OPINION: Don’t copyright our crops

Kerian McDonald, Staff Reporter

While the news media has focused its attention on the recent events in Boston and North Korea, Congress has been busy passing new legislation with some content.
The Farmer Assurance Provision, passed on April 4 as a rider to a budget bill, severely limits the ability of federal courts to restrict the planting and sale of genetically modified or engineered seeds, despite any possible consumer health concerns. The rider clearly benefits the biotech industry, likely spearheaded by the Monsanto Company, the nation’s leading producer of genetically modified crop seeds.
The Monsanto Company has a long legal track record of class-action lawsuits over health issues caused by their chemical products, as well as Monsanto’s defense of their many patents. Since the mid-90s, Monsanto has filed lawsuits against more than 100 individual farmers for alleged patent infringement. Although most of these suits settled out of court, Monsanto won the few that didn’t.
Monsanto’s rabid defense of its patents worries many people, myself included, and has even earned the corporation the nickname “biopirates.” This new bill will help Monsanto dominate the genetically modified food industry by making the federal government nearly powerless to stop the sale of Monsanto’s products for any reason; it may even help the corporation create a monopoly on food. With no threat of government investigation and the new legal protection given to their products, Monsanto can now continue to aggressively pursue farmers and rivals for patent infringements. Due to the natural spread of crop seeds, Monsanto will eventually be able to claim rights to thousands of fields and will put thousands of farmers in court. Farmers may be pressured to switch to exclusively using Monsanto seeds in order to avoid litigation, substantially increasing Monsanto’s profits and allowing it to dominate the food markets.
In addition to the damage Monsanto’s chemicals can do to humans, genetically modified seeds represent a huge threat to the environment. According to the Union of Concerned Scientists, genetically modified crops pose distinct threats to the environment, many of which may be unforeseen. Engineered crops can actually become weeds, which can damage surrounding crops, and modified genes may cross-pollinate other crops, turning them into weeds also. Crops engineered to produce certain viruses could spread the viruses or making them more potent, and plants engineered to produce toxins, such as pesticides, could harm crucial bee populations or wildlife that may eat the crops. Finally, these genetically modified crops could have a negative impact on crop diversity. Although there are multiple environmental issues stemming from the continued growth of these genetically modified crops, no major human health issues have been identified that are directly related to the consumption of genetically modified foodstuffs.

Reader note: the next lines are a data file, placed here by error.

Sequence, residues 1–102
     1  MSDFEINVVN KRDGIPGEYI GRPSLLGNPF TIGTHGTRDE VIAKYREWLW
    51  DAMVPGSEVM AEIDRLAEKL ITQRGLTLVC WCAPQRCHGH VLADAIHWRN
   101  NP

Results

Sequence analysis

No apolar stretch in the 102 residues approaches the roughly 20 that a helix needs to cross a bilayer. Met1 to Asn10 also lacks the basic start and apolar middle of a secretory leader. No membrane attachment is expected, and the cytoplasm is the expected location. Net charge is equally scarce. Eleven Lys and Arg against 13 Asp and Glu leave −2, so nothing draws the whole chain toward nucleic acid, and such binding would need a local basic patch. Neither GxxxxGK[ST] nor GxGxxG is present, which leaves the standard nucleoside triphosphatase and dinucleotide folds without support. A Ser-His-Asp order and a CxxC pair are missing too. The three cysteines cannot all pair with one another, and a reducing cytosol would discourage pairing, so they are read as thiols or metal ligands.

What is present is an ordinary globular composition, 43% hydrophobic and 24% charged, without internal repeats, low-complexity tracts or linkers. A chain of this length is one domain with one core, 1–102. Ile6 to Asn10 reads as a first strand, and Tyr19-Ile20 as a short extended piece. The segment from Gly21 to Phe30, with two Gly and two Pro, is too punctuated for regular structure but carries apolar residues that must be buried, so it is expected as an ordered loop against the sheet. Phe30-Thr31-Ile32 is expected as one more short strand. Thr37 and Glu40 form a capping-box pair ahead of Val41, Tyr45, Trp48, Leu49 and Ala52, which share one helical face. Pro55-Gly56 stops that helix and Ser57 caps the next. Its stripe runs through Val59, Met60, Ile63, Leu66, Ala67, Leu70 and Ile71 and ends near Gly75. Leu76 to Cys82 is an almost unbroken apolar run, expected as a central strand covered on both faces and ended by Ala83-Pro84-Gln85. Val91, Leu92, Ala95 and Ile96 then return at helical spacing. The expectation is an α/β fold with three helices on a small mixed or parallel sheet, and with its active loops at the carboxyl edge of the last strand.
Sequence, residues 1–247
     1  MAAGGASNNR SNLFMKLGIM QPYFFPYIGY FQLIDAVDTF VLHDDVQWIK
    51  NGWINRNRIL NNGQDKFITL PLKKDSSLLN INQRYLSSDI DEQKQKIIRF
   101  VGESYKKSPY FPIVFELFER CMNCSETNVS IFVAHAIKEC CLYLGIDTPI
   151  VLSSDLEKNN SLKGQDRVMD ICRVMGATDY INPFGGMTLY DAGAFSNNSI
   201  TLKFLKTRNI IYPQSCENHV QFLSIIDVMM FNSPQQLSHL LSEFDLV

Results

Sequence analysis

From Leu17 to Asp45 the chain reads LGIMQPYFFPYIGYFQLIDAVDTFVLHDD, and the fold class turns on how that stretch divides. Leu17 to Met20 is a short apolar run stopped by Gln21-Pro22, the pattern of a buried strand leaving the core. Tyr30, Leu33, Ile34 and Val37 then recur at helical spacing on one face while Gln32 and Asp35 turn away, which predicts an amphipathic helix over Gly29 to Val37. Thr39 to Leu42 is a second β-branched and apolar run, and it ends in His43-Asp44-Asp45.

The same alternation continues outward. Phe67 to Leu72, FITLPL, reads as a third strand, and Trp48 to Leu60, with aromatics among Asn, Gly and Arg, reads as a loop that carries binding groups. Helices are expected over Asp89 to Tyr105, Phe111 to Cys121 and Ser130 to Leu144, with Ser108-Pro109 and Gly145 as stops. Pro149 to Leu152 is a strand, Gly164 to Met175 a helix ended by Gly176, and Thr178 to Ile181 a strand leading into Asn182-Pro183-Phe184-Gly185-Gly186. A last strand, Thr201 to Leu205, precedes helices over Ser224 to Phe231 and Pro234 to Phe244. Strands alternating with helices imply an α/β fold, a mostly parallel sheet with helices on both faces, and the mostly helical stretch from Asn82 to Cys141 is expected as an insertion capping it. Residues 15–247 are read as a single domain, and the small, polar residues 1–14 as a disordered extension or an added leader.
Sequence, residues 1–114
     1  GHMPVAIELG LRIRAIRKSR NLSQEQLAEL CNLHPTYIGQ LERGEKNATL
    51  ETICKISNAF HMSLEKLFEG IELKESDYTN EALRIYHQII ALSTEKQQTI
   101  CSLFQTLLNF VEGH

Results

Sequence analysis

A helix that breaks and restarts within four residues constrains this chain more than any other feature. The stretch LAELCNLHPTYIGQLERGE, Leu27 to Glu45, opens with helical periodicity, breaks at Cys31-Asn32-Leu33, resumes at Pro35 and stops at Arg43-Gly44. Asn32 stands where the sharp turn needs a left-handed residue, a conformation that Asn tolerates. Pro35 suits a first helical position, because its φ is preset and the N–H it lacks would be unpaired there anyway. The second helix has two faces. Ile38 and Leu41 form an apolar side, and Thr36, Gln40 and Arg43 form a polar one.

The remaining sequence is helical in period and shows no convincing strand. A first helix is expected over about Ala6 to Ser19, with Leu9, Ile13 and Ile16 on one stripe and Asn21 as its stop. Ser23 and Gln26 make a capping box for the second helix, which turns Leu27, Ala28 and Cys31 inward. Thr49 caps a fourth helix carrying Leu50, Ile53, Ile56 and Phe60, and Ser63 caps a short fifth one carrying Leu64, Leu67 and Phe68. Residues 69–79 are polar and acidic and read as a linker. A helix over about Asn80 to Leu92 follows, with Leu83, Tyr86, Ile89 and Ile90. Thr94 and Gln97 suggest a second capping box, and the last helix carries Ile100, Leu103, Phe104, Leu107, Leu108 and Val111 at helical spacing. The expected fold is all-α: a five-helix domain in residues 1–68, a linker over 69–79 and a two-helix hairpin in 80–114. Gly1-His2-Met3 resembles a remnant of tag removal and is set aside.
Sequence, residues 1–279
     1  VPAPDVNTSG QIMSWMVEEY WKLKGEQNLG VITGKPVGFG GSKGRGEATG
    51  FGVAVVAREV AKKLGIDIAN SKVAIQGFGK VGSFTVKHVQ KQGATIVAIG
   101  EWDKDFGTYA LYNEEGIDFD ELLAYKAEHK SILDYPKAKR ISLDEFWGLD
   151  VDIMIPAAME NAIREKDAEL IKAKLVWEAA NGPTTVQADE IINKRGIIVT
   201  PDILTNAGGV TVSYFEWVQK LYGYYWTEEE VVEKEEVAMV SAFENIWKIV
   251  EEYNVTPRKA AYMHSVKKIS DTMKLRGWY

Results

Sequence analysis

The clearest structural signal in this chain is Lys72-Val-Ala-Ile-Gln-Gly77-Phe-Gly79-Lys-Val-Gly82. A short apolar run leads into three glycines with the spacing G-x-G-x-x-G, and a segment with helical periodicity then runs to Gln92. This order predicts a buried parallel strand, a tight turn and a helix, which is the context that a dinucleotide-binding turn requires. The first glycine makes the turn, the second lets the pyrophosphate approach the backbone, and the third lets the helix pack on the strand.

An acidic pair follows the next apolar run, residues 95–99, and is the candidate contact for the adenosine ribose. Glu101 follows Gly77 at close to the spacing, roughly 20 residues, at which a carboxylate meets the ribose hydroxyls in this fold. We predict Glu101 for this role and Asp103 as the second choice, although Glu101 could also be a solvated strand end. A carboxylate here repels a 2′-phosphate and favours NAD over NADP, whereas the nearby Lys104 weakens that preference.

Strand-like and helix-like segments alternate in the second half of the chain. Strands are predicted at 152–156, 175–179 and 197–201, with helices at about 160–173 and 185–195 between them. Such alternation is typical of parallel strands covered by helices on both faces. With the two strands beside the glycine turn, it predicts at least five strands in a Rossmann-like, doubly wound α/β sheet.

Congress must understand that their continued submission to big business will not be tolerated. This practice of industrial, pre-Progressive era profiting should have died with the monopolies of the early 20th century. Not only is this legislation in direct conflict with antitrust laws, it also allows the controversial practice of producing genetically modified crops to go on virtually unmonitored. Until the questions surrounding the threats that genetically modified foods pose to human health and the environment are answered, the federal government, namely the FDA and the Department of Agriculture, should keep a close eye on the products of companies like Monsanto, not cater to their every whim.